January 23, 2009
GW Float Marches in Presidential Inaugural Parade
Some George Washington University students had an enviable view of the 56th Presidential Inaugural Parade: They rode on the university’s float.
The 70-foot-long float – stretched across two trailers – featured a globe, a real-time stock ticker, and students representing the University’s nine schools and colleges. A student-built mini-Baja vehicle, a low-cost off-road vehicle designed for performance, also graced the float.
GW was among 1,300 organizations that competed for a spot in the parade.
The last time GW was represented in a presidential inaugural parade was in 1949 when Harry S. Truman became the 33rd U.S. president.
Business School Marks Tourism Program Anniversary
GWSB’s Department of Tourism and Hospitality Management celebrated the 10th anniversary of its Accelerated Master of Tourism Administration (AMTA) Program with, among other things, a presentation on the future of space travel and tourism. Joseph N. Pelton, director of the Space & Advanced Communications Research Institute (SACRI) at The George Washington University, gave that keynote address at the Jan. 14, 2009, event.
The author of 25 books about space, satellites, and the impact of technology on society, Pelton is also founder and vice chairman of the Arthur C. Clarke Foundation, a vice president of the Global Legal Information Network (GLIN) Foundation, and founding president of the Society of Satellite Professionals International.
Also on the anniversary program, which included a celebratory reception, was a panel discussion by three AMTA alumni: Linda Robson, MTA, ’05; Alison Slattery, MTA, ’00; and Florian Herrmann, MTA, ’09. They discussed “The Impact and Importance of the AMTA Program and The Future of Tourism.”
A Professor’s Legacy: The Chei-Min Paik Endowment Fund
Recently retired after more than four decades at The George Washington University School of Business, Chei-Min Paik is not ready to end his lifelong commitment to excellence in education. He will continue to be a part of GWSB – and play a significant role in promoting academic development – through the new Chei-Min Paik Endowment Fund.
Initial funding for the endowment came from a generous gift from Paik and his wife, Dr. Inja Paik. The fund, which honors the professor and his distinguished teaching career, also received an unprecedented matching contribution from the University.
The goal of the fund is to encourage GWSB students and faculty to pursue original research on contemporary management issues. This year, it is sponsoring an awards competition for outstanding student research papers – undergraduate or graduate. As the endowment grows, Paik hopes to expand its scope to include support for other academic initiatives, including international collaboration on faculty research, conferences, and student and faculty exchange programs.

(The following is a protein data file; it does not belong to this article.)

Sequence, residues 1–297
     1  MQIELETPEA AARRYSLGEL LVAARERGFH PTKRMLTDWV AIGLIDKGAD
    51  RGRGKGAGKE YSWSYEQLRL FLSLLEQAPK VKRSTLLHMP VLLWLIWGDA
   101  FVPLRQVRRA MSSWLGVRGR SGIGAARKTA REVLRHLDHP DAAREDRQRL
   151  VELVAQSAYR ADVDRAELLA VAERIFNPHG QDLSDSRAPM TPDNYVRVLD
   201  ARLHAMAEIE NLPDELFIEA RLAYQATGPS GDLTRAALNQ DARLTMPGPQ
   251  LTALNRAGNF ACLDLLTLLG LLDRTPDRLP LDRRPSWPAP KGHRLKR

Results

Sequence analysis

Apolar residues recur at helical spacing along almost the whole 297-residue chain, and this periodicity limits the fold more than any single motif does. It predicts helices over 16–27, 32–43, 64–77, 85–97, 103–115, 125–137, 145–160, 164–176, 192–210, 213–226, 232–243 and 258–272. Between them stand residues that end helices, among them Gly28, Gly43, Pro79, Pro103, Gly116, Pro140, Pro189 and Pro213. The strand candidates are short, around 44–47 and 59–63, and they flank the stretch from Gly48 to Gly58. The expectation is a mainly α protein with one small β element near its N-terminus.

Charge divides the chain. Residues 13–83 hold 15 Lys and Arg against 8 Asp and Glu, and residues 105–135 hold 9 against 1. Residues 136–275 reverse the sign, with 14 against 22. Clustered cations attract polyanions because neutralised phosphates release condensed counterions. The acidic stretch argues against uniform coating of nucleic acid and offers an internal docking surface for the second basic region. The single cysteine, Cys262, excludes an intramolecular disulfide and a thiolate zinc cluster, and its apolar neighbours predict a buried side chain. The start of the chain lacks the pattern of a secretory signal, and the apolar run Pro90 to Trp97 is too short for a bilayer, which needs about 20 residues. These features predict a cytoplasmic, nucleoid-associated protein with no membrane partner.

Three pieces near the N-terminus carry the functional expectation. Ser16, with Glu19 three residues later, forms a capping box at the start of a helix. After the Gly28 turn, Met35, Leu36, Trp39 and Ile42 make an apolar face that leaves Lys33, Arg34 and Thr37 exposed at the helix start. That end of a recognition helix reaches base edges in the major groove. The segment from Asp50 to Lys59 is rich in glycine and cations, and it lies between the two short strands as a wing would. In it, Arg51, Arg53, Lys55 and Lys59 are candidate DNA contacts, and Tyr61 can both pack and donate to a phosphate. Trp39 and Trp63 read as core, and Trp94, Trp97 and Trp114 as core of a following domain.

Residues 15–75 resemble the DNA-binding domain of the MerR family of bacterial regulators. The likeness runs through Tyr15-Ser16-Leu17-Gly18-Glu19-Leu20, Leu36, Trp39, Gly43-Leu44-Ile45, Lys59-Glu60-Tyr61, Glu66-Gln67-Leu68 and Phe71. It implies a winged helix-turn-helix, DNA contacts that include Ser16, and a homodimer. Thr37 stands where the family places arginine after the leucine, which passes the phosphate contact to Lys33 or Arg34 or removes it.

“GW has been very good for my professional development and career,” said Paik. “Throughout my academic endeavors, I have benefited from scholarships and fellowships.”
GWSB Hosts Discussion on Transnational Criminal Organizations in the Americas
What: Experts will discuss “Transnational Criminal Organizations in the Americas: Responding to the Growing Threat” with a focus on Brazil, the Caribbean, Central America, Colombia, and Mexico. The event is hosted by The George Washington University School of Business.
When: Thursday, Jan. 29, 2009; 10 a.m. — Noon
Where: The George Washington University School of Business
Duquès Hall, Suite 451 (use 22nd St. entrance, between G and H streets)
2201 G St., NW, Washington, D.C.
Foggy Bottom—GWU Metro (Orange and Blue lines)
- Luis Bitencourt, professor of national security affairs, Center for Hemispheric Defense Studies
- James Ferrer, Jr., director, GW School of Business Center for Latin American Issues
- Max Manwaring, senior research professor, Strategic Studies Institute, U.S. Army War College
- Manuel Suárez-Mier, professor of economics and finance, American University School of International Service
- Phil Williams, professor of international security, University of Pittsburgh
Cost: This event is free and open to the public. To register, please visit CLAI’s Web site at www.gwu.edu/~clai.
The GW Center for Latin American Issues is a premier center for the pursuit of scholarship and academic excellence on issues pertaining to Latin America and the Caribbean. Through its programs and activities, the center seeks to further academic study and research on major Latin American issues and on how those issues affect the interests of states within and beyond the region; to accelerate the development of human resources, including the professional skills and competencies of public servants and managers; to propagate the ideals of political and economic democracy throughout the region; and to foster greater mutual understanding among the peoples of the hemisphere.
Last Call to Participate in the GWSB “Hot Mommas” Research
This is the final week to join educational history by serving as a “Hot Mommas” role model. The deadline for the case-study competition is January 31.
“The Hot Mommas Project has received a great deal of support from the GW community, the social media community, and individuals who understand the importance of mentoring,” said Kathy Korman Frey, GWSB adjunct professor of management and founder of the women’s leadership initiative. “I hope women will answer the call to action and nominate a dynamic female role model now so they can share their story before the competition deadline.”